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Google Pixel 8 vs. Google Pixel 8 Pro: Which model should you buy?

The Pixel 8 Pro packs some pretty impressive features over the Pixel 8. Of course, it comes with a higher price tag. Is the 8 Pro worth it? Here's how to decide.
Written by Artie Beaty, Contributing Writer
Pixel 8 vs Pixel 8 Pro comparison
Maria Diaz/ZDNET

While there was no shortage of leaks for Google's new flagship phones, this month's Made by Google event officially dropped all the details on the Pixel 8 and Pixel 8 Pro phones. And as expected, both are very solid phones. 

Review: Google Pixel 8 Pro: This is the phone of the future, and the AI features prove it

Though these two phones have relatively similar designs and both run on the Tensor G3 chip, the 8 Pro adds a few extra features to warrant the higher cost -- namely, an extra telephoto camera lens, a bigger battery, and a larger display. But are those additional features worth the extra price? We detail the differences to help you decide. 


Google Pixel 8

Google Pixel 8 Pro




Display6.2 inches6.7 inches
Resolution2,400 x 1,080 pixels, 20:9 ratio, 424 PPI
3,120 x 1,440 pixels, 20:9 ratio, 513 PPI

Rear camera

50MP main + 12MP ultrawide

50MP main + 64MP ultrawide + 48MP telephoto




RAM/Storage8GB/12GB with 128GB/256GB12GB/16GB with 128GB/256GB/512GB/1TB
Water and dust resistanceIP68  

You should buy the Google Pixel 8 if...

Hand holding Google Pixel
June Wan/ZDNET

1. You don't want to break the bank

It doesn't quite match the price of the iPhone 15 Pro Max or the Samsung S23 Ultra, but the $999 Pixel 8 Pro is the most expensive Google phone to date. So, if paying quadruple digits for a cell phone isn't something you can come to terms with, look to the Pixel 8. The camera is the biggest difference between the two, so if you don't envision taking advantage of the new camera features, go with the Pixel 8.

2. You want to test drive Google's new AI editing features as affordably as possible

The Pixel 8 brings a number of AI-assisted editing features, both for photo and video. Audio Magic Eraser leads the way, a feature in which unwanted audio in a video can actually be edited out, leaving the audio you were trying to record. The Best Take feature, which lets you swap faces into an image from other pictures, is especially appealing if you have kids. Real Tone not only sees more diverse faces in more lighting conditions for facial recognition, but also has an auto-white balance model to help determine color in a picture. This helps reflect a variety of skin tones in photos and should have your photos looking as good as possible. These features are available on both the Pixel 8 and the Pixel 8 Pro, but if you want to try out these features without having to pay extra, you'll want to choose the Pixel 8.

3. You want a phone that's easier to hold

Bigger isn't better for everyone. The Pixel 8 is narrower than its 8 Pro counterpart by about 5mm, and it weighs about 26 grams less. But it's not just smaller than the Pixel 8 Pro -- it's smaller than the Pixel 7. If you want a phone that's a little easier to hold, consider the Pixel 8.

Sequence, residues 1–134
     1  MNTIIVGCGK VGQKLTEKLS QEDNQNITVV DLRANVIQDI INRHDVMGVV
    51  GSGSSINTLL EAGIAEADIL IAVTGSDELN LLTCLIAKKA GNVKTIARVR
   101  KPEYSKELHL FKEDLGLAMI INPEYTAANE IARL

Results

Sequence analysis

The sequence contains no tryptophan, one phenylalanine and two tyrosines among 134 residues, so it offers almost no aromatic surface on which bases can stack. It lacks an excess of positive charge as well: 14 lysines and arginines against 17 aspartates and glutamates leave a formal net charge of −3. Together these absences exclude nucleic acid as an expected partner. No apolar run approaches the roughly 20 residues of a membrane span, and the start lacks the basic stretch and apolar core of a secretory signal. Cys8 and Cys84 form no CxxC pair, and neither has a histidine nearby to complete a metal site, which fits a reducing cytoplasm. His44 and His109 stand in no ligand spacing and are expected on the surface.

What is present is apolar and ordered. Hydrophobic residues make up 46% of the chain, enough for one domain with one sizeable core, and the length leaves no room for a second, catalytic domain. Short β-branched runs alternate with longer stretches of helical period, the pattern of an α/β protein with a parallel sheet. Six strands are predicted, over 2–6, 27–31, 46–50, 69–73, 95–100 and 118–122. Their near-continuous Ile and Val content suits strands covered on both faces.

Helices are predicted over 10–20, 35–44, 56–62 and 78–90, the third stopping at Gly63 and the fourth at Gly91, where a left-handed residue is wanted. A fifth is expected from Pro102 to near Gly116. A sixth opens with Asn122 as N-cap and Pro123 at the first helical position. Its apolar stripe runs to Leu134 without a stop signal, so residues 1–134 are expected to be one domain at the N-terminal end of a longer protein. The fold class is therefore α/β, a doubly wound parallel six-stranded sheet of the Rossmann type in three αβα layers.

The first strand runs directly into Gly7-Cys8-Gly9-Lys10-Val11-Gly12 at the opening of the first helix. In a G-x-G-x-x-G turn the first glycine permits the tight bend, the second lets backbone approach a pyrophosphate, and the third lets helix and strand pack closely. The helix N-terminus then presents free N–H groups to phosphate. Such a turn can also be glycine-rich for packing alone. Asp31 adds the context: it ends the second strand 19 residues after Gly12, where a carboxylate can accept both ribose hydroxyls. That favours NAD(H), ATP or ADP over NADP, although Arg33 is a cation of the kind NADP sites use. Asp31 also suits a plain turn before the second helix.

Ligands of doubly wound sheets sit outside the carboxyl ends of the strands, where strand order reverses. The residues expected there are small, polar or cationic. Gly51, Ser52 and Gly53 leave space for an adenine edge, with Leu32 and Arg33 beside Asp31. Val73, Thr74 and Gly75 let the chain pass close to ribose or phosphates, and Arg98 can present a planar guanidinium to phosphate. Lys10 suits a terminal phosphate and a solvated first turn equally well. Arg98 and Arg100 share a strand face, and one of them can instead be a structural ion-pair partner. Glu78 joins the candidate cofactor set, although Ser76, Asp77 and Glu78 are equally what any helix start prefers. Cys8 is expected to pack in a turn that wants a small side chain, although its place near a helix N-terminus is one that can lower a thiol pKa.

You should buy the Pixel 8 Pro if...

Hand holding Google Pixel
June Wan/ZDNET

1. You want the best camera

Both the Pixel 8 and the Pixel 8 Pro will share a 50MP main camera, but the 8 adds a 12MP ultrawide camera, while the Pixel 8 Pro has a striking 48MP ultrawide camera and a 48MP Quad PD telephoto camera. If you want a fantastic camera phone, both of these phones will have cameras that are upgrades over the previous generation, so you won't go wrong with either. 

Review: Google Pixel 8 Pro This is the phone of the future, and the AI features prove it

But if taking pictures of subjects that are far off is something that appeals to you, the 8 Pro is the easy choice here. The 8 Pro's 5x optical zoom and Super Res Zoom up to 30x is also a significant upgrade over the 8's Super Res Zoom up to 8x and 2x Optical Quality. But if you're a shutterbug at all, the Pro's additional camera features are worth considering. For more experienced photographers, the 8 Pro also features the addition of a manual mode that lets you tinker with shutter speed, ISO, and other elements.

2. Bigger is better

On the practical side of things, the 8 Pro is simply a little bit larger than the 8 -- 6.7 inches to 6.2 inches, respectively. If size matters, you'll want to go with the 8 Pro. For comparison, it's the same size as the iPhone 15 Pro Max, meaning it's a pretty hefty phone. If you prefer a smaller phone without a lot of the extra features, look to the 8. But if you want a large phone that makes watching content a better experience, consider the 8 Pro.

3. You want the best battery life

The Pixel 7 has a 4,355mAh battery, while the Pixel 8 upgrades that to right at 4,5000mAh. It's not necessarily a huge upgrade, but it's still a little more. If you really want to upgrade, the Pixel 8 Pro brings an even larger battery at 5,0000 mAh. This is right in line with the Samsung S23 Ultra and more than the iPhone 15 Pro Max offers. This is also the same-sized battery that's in the Google Pixel 7 Pro, but between the 8 and the 8 Pro, the latter is clearly the winner in battery life.

Alternatives to consider

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